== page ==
Joint pain of any kind interferes with a person’s lifestyle and can become debilitating when it is chronic and intense. Inflammation can occur in any joint in the body, but some of the most common joints that become inflamed and painful are in the spine, especially the lumbar region (lower back), and in the knees, shoulders and hips. A common treatment for joint pain that offers temporary relief is an
injection of an anesthetic and steroid medication directly into the joint.
Joint Pain and Injections
Joint pain develops for several reasons:
- Normal wear and tear of cartilage
- Disease, like rheumatoid arthritis or osteoarthritis
- Physical deformity
Pain caused by a damaged joint might be felt in the joint, and sometimes the pain travels to additional places, like down the back of the legs. An injection for joint pain is given to patients for one of two reasons. First, it can serve as a diagnostic test to pinpoint the joint causing the pain. Second, it is a treatment option to relieve pain and reduce inflammation. The anesthetic numbs the tissue inside the joint, and the steroid medication reduces inflammation and blocks pain.
Virtually every joint is a candidate for an injection. They include:
- Facet joints – These are the small joints in the spine. A physician can inject the appropriate medication into any joint in the spine in the cervical (neck and upper spine), thoracic (center) and lumbar (lower) spinal areas.
- Sacroiliac joint – The two SI joints connect the spine to each hip. Their primary purpose is to support upper body weight while standing or walking, shifting the load to the legs. The pain can occur in the lower back, but it may also be felt in the buttocks, groin or thighs and can travel up the back.
- Coccyx joint – This joint is often referred to as the tailbone. Consisting of three small bones, it too can get inflamed.
- Hip joint – The pain from a hip joint issue may be felt inside or outside the hip or in the groin, buttocks or upper thigh.
- Shoulder joint – Pain in the shoulder joint is caused by a variety of medical issues that include bursitis, tendinitis, tear in the rotator cuff, inflammatory arthritis and “frozen shoulder” (adhesive capsulitis).
- Knee joint – Pain in the knee joint is often due to arthritis, gout (uric acid buildup), inflammation from injury or normal wear and tear, or chondromalacia patella which is when cartilage under the kneecap is damaged.
- Other joints – Other joints frequently causing pain include the elbows, hands, ankles and feet.
How Long Does the Procedure Take?
A joint injection does not take long. Most procedures are finished within 20 minutes.
Before the procedure is done, the physician will order imaging studies to assess the best injection location. Usually, the injection is given on an outpatient basis, including in a doctor’s office. The main requirement is availability of fluoroscopic equipment that is usually used to help the physician inject the fluids into the ideal location. The patient is awake and alert during the procedure.
The patient lies on a table. A local anesthetic is applied to the skin first to minimize discomfort or pain associated with the medication injection. Using a fluoroscope (type of X-ray machine) as a visual guide, a hollow needle is inserted into the joint. The anesthetic and corticosteroid, or other types of medications, are injected into the joint through the hollow needed.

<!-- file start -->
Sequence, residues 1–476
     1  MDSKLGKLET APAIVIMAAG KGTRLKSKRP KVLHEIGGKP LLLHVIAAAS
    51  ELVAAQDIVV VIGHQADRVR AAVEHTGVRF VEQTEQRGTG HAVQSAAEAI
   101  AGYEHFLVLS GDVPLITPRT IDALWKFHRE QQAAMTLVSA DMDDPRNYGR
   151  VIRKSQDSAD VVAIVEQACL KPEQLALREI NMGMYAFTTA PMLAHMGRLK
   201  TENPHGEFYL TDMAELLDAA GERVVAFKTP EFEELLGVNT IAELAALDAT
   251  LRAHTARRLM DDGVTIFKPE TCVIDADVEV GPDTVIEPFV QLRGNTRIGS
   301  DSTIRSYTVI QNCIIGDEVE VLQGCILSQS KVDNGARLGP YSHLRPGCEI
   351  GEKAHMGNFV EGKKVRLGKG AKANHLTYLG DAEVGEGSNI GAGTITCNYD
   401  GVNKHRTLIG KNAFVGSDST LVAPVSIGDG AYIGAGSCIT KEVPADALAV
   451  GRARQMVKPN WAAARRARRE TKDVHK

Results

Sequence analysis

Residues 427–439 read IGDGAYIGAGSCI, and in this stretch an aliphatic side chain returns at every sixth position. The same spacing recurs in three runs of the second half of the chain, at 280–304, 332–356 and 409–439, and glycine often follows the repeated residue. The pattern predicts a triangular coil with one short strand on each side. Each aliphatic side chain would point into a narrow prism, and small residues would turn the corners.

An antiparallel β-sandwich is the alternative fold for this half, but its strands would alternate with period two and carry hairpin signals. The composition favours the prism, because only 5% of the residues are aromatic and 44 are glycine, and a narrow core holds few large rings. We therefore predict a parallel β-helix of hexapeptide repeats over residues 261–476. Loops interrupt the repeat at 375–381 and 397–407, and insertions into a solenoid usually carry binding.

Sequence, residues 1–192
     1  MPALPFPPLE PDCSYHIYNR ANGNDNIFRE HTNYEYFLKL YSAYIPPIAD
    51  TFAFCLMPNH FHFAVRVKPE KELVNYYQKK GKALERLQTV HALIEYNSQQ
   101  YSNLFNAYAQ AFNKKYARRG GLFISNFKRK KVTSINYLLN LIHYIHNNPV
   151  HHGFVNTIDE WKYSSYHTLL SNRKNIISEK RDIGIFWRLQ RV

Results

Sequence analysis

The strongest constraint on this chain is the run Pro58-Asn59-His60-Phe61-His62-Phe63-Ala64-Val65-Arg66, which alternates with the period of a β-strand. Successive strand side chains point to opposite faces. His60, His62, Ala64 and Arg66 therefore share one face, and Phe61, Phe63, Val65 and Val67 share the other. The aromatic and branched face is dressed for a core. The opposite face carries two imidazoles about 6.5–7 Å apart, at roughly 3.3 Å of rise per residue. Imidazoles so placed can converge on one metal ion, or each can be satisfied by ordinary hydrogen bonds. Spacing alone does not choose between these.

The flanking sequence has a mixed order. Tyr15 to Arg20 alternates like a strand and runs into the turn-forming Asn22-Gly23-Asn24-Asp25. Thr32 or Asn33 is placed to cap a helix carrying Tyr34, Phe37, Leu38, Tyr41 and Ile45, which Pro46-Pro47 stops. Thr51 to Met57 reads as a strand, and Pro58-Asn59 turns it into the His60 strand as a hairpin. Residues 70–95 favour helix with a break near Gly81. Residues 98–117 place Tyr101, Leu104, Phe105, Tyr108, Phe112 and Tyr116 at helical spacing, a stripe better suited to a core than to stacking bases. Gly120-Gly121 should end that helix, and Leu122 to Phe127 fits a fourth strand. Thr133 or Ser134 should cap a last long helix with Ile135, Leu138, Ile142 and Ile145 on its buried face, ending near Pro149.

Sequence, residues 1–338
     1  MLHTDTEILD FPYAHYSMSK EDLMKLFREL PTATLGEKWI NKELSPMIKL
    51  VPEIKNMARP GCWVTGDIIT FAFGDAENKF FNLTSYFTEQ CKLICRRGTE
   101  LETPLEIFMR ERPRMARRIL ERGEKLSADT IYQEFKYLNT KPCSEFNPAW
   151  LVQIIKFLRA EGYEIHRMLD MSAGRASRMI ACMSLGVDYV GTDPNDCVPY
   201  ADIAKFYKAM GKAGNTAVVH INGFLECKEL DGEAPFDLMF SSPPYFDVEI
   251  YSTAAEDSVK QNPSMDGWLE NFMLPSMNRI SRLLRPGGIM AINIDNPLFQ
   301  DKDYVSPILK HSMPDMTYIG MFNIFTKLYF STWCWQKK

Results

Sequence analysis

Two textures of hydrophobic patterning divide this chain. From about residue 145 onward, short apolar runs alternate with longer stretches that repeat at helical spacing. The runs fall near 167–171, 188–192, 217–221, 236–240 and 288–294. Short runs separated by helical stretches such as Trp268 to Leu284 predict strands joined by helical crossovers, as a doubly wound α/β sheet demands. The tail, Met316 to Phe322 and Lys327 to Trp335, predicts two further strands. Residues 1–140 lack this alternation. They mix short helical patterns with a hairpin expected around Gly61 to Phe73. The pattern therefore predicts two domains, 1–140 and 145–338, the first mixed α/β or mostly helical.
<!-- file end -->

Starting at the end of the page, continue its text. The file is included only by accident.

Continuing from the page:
The physician may need to drain some fluid from the joint first to make room for the medications and to relieve joint pressure. This is common with a knee joint injection. In some cases, it may take more than one injection in various locations. For example, a facet joint injection might be needed in several of the spine’s joints.
How Often Should the Procedure Take Place?
In general, if the joints causing the pain were the ones injected, joint pain relief is felt within a day or two, and can last for months. If the pain continues for 2-3 weeks, or flares up again, the procedure can be repeated.
Specifically, there are many factors determining how often the procedure should be done. They include:
- Joint or joints receiving the injection
- Type of medication used
- Whether pain relief is experienced
- How long pain relief endures
Generally, injections are limited to four times a year, whether spaced out to once a quarter or given in a weekly or monthly series.
Side Effects of Injections into the Joint
There are usually few joint injection side effects, and they are temporary. The specific side effects depend on the joint receiving the injections. For example, a sacroiliac joint injection may cause some people to experience temporary weakness in the legs, making it difficult to walk for several hours.
The potential side effects are:
- Joint remains numb from the anesthetic for several hours, after which pain may be felt for a couple of days until the medication reduces the inflammation.
- Temporary bruising at the injection sites.
- Reaction to medical conditions, like elevated blood sugar in people with diabetes (It is critical to inform the physician of any and all chronic medical conditions and medications).
- Physical responses to corticosteroid, i.e. weight gain, water retention, etc.
In most cases, any side effects are gone within a few days to a week. Millions of people each year find needed pain relief with joint injections. Joint pain is not something that must be endured because help is available. Consult with a physician to learn the options available.